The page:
The Boston Foundation last week released a report it commissioned touting autonomy first and foremost as a means to improve schools. The report was co-authored by Dan French, head of the Center for Collaborative Education (CCE), which holds a multi-million dollar contract with the School Department to work with and promote autonomous schools. See CCE’s $2.5 million 2012-2013 contract here. The conflict of interest was, apparently, lost on the Boston Foundation, which funded the report. Then again, maybe it wasn’t.
Here’s a report from WBUR:
“A third of students in Boston Public Schools are already in schools with some degree of autonomy. A report released yesterday says the district should go further, granting more flexibility to more schools. Dan French, executive director of the Center for Collaborative Education, is one of the authors of the report.
“‘If schools are going to be held accountable for results, then resources and decision making should be placed in the hands closest to students and parents, and that that is principals and teachers,’ French said on Radio Boston. ‘That said, autonomy is not a panacea nor a guarantor of success.’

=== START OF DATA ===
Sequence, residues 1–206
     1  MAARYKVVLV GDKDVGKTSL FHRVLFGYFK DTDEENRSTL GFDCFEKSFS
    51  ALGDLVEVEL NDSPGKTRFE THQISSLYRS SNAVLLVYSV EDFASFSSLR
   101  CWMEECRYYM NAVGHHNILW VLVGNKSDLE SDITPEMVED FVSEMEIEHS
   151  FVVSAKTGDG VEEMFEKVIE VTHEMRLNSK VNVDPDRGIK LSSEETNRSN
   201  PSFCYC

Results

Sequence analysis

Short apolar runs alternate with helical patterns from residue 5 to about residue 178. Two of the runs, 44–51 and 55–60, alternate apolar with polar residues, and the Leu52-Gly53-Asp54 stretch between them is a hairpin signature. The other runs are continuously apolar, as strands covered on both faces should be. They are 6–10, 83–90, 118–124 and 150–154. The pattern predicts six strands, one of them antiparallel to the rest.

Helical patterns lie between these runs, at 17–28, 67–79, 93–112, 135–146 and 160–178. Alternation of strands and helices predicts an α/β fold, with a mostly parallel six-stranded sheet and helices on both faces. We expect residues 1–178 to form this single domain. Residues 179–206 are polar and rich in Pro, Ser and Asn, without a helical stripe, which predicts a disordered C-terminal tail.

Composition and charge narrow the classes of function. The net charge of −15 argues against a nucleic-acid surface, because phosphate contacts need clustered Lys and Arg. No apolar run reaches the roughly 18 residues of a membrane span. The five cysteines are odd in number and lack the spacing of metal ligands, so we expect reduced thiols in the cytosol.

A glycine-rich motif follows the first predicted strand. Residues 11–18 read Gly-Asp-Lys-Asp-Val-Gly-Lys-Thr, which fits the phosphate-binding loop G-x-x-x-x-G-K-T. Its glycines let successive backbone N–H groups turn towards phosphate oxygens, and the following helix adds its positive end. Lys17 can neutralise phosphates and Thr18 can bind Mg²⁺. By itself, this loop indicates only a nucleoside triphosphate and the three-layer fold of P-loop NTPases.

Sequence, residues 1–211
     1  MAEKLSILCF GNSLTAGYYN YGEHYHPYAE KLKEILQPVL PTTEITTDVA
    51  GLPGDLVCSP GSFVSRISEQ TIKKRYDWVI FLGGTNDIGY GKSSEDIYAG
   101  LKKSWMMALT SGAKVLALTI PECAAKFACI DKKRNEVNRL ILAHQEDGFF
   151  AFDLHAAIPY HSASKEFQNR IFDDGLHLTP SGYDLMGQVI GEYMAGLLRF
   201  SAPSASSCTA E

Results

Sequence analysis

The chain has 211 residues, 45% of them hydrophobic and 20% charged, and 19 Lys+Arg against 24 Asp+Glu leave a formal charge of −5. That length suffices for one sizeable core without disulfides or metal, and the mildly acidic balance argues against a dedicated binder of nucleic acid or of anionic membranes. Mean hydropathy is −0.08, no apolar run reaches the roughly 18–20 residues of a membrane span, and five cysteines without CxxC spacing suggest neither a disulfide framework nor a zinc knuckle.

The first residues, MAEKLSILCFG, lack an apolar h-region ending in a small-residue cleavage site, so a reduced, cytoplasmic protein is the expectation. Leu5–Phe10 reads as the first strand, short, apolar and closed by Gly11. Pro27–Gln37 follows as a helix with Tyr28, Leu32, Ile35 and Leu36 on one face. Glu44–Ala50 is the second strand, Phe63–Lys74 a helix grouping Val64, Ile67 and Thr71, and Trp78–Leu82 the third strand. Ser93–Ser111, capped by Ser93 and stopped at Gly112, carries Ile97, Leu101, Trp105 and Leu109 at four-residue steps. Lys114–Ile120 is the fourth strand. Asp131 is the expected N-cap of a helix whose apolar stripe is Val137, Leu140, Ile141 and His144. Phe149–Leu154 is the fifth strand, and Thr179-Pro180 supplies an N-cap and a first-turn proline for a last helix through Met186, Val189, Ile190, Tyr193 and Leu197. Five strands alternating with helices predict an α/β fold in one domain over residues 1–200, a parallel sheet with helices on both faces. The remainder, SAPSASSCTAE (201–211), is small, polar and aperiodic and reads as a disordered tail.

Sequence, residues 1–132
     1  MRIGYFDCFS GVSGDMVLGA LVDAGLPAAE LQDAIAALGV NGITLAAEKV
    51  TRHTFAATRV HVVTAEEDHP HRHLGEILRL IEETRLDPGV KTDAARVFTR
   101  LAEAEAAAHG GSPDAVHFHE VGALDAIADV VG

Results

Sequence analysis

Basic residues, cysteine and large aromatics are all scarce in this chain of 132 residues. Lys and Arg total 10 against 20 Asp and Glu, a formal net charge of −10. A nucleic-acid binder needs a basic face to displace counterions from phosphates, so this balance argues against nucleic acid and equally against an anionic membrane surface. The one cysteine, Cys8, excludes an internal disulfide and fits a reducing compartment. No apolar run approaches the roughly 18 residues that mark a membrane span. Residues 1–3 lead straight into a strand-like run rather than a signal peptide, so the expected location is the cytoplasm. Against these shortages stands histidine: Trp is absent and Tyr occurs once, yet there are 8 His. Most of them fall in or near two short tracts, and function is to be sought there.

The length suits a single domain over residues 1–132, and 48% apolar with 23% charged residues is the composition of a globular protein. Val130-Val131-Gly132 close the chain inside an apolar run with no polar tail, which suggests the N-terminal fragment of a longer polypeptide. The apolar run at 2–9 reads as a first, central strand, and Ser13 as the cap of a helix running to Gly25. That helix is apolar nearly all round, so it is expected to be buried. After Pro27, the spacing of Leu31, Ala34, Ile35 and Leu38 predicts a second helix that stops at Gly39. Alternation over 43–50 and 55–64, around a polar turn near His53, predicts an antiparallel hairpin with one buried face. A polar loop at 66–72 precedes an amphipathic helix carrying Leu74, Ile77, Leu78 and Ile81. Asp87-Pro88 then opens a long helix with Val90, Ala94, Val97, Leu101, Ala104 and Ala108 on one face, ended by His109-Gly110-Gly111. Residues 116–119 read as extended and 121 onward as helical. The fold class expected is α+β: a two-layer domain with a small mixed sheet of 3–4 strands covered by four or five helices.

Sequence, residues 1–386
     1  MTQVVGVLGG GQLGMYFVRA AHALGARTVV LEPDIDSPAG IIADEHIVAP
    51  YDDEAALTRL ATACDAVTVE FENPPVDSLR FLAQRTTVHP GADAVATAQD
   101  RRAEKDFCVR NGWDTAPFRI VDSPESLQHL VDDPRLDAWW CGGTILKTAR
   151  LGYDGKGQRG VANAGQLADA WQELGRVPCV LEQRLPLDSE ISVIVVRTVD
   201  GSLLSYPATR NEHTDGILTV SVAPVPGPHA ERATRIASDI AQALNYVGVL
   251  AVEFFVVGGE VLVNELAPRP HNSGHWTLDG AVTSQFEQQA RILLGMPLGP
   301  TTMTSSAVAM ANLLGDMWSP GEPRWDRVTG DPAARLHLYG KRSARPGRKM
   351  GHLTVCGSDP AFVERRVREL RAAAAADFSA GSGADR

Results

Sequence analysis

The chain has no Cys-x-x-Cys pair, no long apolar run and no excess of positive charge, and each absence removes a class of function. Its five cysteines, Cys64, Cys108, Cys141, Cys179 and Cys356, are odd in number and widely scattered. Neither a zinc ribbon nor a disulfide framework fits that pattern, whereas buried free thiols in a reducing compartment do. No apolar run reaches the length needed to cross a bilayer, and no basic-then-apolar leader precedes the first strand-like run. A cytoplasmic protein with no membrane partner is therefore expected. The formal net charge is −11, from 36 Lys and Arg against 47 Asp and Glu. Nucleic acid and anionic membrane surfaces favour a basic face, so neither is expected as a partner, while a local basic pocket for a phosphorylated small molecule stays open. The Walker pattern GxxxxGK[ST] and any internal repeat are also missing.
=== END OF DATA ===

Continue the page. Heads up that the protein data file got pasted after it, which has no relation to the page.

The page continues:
“Richard Stutman, head of the Boston Teachers Union, said this is the wrong conversation entirely. And he warned that granting schools more autonomy ‘will eventually lead to a dissolution of the public school system as we know it.’
“‘We’re talking about autonomy. We should be talking about equality, as much as accountability and autonomy,’ Stutman said.
“‘I think by favoring autonomous schools, to the extent that they benefit at the expense of non-autonomous schools, is a disservice to our students. When I caution about the dissolution of our public schools, I caution about that…'”
Listen here to the WBUR radio conversation between Richard Stutman and Dan French.
The Boston Foundation report is well worth reading and contains a number of good suggestions for autonomies that would improve our schools and make schools run more efficiently. On the other hand, a careful reading of the report also suggests that some autonomies may
exacerbate school inequality. After all, there is a fixed pie of resources, and if some schools are free to grab more resources, their gain will come at the expense of others. In any event, the report, while useful, is tainted overall as one of its three co-authors is a CEO of an organization that has had a long-standing financial stake in promoting the report’s conclusions.
None of this is to comment one way or another on the quality of work CCE does in working with the schools and staff in our district. CCE may do a fine job, but that’s not the point. It’s bad practice to ask a Coca-Cola executive to do a study of the benefits of the soft drink industry.